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Colombiana and the Rosary

Powerful even in the hand of a Colombian gangster: the Rosary.

Strange feelings on seeing the film “Colombiana”, now on cinemas in the United Kingdom.

You see a lot of Catholic symbols; crosses, rosaries, even a mantilla. There is even a catholic Mass, but I stupidly forgot whether the celebrating priest was ad orientem (the fact is, it is so normal to me that if it was I have probably failed to register it as unusual).

Unfortunately, these crosses and rosaries, and even mantillas are worn by what are undoubtedly the wrong people; particularly the rosary, with which a gangster ostentatiously plays at the beginning of the movie. Perhaps the ideology behind that is that “baddies wear crosses and have rosaries”, but this would be rather stupid as no one can say the baddies are the only one to wear them; perhaps the intention was to show the diffuse reliance on Christian values within the Colombian society; or perhaps it is just – and I say this only as a passing thought – that the slow recovery of Catholic customs in the Catholic world (you only need to go to the shop of the Westminster Cathedral to find a dozen of different rosaries on sale; on Ebay the choice is endless; I do think some things are changing here) is slowly being registered outside of it and the rich world of Catholic symbolism starts to catch the imagination of the world again. This would seem, by the way, reinforced from the post I wrote just a couple of days ago about the 10 hour documentary about the Church.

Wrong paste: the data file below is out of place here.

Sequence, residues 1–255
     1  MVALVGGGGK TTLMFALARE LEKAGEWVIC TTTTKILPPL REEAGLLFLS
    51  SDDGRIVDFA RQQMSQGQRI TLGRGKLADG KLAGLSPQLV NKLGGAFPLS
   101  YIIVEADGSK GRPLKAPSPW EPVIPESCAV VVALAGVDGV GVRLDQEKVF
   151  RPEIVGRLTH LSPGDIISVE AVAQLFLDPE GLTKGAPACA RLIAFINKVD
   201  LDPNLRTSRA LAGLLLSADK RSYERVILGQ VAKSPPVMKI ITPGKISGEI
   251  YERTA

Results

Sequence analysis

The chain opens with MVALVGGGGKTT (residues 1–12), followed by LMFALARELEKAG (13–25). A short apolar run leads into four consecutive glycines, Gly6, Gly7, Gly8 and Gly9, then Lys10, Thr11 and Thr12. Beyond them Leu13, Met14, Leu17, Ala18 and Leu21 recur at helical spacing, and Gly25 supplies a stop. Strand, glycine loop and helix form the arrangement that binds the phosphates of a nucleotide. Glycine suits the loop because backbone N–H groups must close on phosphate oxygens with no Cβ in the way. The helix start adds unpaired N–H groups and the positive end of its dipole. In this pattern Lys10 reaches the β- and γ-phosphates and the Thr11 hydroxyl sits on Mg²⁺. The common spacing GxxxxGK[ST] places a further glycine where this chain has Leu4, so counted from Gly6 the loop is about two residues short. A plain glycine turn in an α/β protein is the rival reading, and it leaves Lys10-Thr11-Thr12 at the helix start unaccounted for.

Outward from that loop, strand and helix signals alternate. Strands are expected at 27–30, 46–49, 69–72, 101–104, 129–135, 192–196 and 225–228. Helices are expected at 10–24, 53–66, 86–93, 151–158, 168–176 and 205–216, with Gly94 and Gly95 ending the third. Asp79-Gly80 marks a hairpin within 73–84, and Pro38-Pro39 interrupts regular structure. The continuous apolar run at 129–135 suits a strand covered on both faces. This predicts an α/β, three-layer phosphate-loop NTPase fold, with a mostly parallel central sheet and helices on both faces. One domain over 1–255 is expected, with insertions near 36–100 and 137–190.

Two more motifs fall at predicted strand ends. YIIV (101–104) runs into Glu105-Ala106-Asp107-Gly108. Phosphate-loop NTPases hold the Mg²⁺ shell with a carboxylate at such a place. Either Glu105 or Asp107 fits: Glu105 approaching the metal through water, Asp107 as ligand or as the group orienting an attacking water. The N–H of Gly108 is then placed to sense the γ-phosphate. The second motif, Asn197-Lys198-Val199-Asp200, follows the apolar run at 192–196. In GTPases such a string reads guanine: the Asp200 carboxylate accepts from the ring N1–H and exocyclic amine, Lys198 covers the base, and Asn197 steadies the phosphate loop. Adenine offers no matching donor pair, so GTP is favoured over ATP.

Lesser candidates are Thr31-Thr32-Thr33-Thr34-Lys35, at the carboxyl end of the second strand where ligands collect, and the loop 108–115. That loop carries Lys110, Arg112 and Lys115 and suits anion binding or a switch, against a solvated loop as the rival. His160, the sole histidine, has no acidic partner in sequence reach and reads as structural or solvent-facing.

It can, of course, always be that the crosses and rosary have been shown to mock the Catholic faith, seen as the religion of choice of bloody, evil people. But this would not be a very clever strategy for a secularist or an atheist, as the Cross and the rosary are very powerful instruments, and the idea that they wouldn’t impress the one or other cinema goer in a sense opposite to the one intended a very naive one.

Be it as it may, I am surely not the only one noticing the heavy reference to Catholicism in the movie, and the rather strange context in which they are made. But if you put crosses and rosaries on the big screen, this can’t be bad.

Mundabor

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